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EU Tulipp platform to ease embedded vision development effort

Embedded system designers now have a reference platform for vision-based development work, thanks to a €4 million Horizon 2020 project called Tulipp, which has recently concluded.

The Tulipp project – towards ubiquitous low-power image processing platforms – began in January 2016. The finished reference platform includes a full development kit, comprising an FPGA-based embedded, multicore computing board, parallel real-time operating system, and development tool chain with guidelines. This is coupled with use cases covering medical x-ray imaging, driver assistance, and autonomous drones with obstacle avoidance.

Developed by Sundance Multiprocessor Technology, each instance of the Tulipp processing platform is 40 x 50mm and is compliant with the PC/104 embedded processor board standard. The hardware platform uses the multicore Xilinx Zynq Ultrascale+ MPSoC which contains, along with the Xilinx FinFET+ FPGA, an Arm Cortex-A53 quad-core CPU, an Arm Mali-400 MP2 GPU, and a real-time processing unit containing a dual-core Arm Cortex-R5 32-bit real-time processor based on the Arm-v7R architecture.

A separate expansion module (VITA57.1 FMC) allows application-specific boards with different input and output interfaces to be created while keeping the interfaces with the processing module consistent.

Coupled with the Tulipp hardware platform is a parallel, low latency, embedded real-time operating system developed by Hipperos specifically to manage complex multi-threaded embedded applications.

The platform has also been extended with performance analysis and power measurement features developed by Norges Teknisk-Naturvitenskapelige Universitet (NTNU) and Technische Universität Dresden (TUD).

The Tulipp consortium’s experts have written a set of guidelines, consisting of practical advice, best practice approaches, and recommended implementation methods, to help vision-based system designers select the optimal implementation strategy for their own applications.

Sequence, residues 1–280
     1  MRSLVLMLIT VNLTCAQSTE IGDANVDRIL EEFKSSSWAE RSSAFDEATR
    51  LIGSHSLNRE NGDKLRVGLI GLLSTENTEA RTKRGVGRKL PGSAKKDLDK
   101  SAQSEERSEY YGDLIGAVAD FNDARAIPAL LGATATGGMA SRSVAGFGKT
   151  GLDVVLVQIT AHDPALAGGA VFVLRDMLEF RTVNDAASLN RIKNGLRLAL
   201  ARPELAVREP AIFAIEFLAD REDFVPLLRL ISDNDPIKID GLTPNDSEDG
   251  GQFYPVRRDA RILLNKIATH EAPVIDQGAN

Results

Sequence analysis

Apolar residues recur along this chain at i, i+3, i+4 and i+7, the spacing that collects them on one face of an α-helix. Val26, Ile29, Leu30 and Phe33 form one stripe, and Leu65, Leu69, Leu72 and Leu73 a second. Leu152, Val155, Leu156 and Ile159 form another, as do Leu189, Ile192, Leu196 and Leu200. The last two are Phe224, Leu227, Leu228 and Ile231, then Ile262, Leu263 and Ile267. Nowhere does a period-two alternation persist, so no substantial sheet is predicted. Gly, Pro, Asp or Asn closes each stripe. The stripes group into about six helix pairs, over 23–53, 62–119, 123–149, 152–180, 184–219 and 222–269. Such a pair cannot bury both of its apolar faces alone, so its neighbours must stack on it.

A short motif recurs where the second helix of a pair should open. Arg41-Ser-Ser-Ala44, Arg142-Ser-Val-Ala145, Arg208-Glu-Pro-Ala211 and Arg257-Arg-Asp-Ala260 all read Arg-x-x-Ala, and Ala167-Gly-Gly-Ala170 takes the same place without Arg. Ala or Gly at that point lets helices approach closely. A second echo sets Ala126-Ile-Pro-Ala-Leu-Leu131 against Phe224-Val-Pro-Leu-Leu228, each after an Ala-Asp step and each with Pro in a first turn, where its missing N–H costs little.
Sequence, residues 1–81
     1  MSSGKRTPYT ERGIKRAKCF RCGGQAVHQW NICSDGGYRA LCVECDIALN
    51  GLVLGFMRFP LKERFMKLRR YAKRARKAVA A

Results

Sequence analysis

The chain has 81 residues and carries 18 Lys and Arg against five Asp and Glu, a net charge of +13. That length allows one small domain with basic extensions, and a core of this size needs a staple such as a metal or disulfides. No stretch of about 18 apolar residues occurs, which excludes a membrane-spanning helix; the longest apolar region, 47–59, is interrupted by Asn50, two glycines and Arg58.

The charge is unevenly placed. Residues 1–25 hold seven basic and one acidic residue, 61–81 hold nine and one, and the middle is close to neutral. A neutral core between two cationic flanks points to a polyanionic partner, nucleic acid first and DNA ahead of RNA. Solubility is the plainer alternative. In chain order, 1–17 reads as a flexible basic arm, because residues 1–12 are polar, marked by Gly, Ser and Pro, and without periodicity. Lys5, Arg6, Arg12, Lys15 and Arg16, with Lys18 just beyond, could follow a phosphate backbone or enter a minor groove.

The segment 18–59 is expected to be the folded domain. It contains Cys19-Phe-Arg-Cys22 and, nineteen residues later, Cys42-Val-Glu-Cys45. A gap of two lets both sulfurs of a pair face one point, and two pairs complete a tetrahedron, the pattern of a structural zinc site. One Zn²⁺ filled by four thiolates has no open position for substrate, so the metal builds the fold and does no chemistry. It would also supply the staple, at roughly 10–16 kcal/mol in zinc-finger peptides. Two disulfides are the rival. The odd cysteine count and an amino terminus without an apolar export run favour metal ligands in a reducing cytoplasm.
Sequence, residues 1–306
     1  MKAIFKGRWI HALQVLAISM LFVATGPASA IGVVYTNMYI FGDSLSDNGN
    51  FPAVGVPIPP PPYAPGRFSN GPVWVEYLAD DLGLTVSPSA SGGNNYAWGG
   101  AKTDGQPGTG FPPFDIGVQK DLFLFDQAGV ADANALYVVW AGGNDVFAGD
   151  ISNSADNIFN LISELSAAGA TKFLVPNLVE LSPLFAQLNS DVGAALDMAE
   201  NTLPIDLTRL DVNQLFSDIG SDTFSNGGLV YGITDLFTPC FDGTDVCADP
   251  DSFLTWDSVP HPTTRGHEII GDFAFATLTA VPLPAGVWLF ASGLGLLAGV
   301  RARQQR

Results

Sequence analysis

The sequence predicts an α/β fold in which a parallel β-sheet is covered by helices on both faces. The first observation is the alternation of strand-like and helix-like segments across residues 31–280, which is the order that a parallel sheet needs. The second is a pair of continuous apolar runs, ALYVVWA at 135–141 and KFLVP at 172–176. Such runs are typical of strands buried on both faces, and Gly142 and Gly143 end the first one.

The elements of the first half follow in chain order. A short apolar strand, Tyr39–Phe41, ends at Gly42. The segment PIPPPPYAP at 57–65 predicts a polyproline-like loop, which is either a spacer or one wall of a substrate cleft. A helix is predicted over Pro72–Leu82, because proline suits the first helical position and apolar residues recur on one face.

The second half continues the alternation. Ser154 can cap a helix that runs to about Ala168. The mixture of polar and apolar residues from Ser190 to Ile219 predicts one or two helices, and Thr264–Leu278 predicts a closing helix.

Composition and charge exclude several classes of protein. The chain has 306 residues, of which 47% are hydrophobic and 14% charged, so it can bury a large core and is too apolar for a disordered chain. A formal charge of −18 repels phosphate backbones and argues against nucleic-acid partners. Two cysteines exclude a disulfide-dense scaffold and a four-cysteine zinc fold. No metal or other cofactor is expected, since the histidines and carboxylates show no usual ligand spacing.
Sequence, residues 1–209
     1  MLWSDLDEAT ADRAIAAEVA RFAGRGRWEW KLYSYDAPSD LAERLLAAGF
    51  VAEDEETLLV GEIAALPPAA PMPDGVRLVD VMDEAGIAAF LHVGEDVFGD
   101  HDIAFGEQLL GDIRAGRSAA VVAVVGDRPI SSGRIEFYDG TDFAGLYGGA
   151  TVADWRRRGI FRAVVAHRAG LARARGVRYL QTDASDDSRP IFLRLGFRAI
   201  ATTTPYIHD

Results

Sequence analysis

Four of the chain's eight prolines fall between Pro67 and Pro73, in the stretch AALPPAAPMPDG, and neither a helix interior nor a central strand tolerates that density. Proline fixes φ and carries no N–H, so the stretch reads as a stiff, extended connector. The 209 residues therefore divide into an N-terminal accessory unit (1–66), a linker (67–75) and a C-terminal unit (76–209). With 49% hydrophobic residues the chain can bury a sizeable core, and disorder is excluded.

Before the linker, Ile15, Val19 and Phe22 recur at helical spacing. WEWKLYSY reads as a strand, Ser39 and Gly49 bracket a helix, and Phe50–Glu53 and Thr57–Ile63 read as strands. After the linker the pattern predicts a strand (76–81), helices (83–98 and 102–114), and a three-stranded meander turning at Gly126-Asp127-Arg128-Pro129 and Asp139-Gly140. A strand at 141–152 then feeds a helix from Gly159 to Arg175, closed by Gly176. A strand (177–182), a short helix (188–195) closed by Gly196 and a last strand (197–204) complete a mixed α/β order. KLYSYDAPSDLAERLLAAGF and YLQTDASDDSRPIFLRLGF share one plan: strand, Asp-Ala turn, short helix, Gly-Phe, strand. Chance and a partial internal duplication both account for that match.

This will become a Tulipp book to be published by Springer by the end of 2019 and supported by endorsements from the ecosystem of developers that are currently testing the concept.

The medical x-ray case study the project partners undertook demonstrates image enhancement algorithms for x-ray images running at high frame rates. Its autonomous driving study was able to run a pedestrian recognition algorithm in real-time at a processing time per frame of 66ms, meaning every second image could be analysed when imaging at 30Hz.

The UAV case study demonstrates a real-time obstacle avoidance system for UAVs based on a stereo camera setup with cameras orientated in the direction of flight.

The use cases and the platform were shown at the 2018 Vision trade fair in Stuttgart, Germany.

‘As image processing and vision applications grow in complexity and diversity, and become increasingly embedded by their very nature, vision-based system designers need to know that they can simply and easily solve the design constraint challenges of low power, low latency, high performance and reliable real-time image processing that face them,’ commented Philippe Millet of Thales and Tulipp’s project coordinator. ‘The EU’s Tulipp project has delivered just that. Moreover, the ecosystem of stakeholders that we have created along the way will ensure that it will continue to deliver in the future.’


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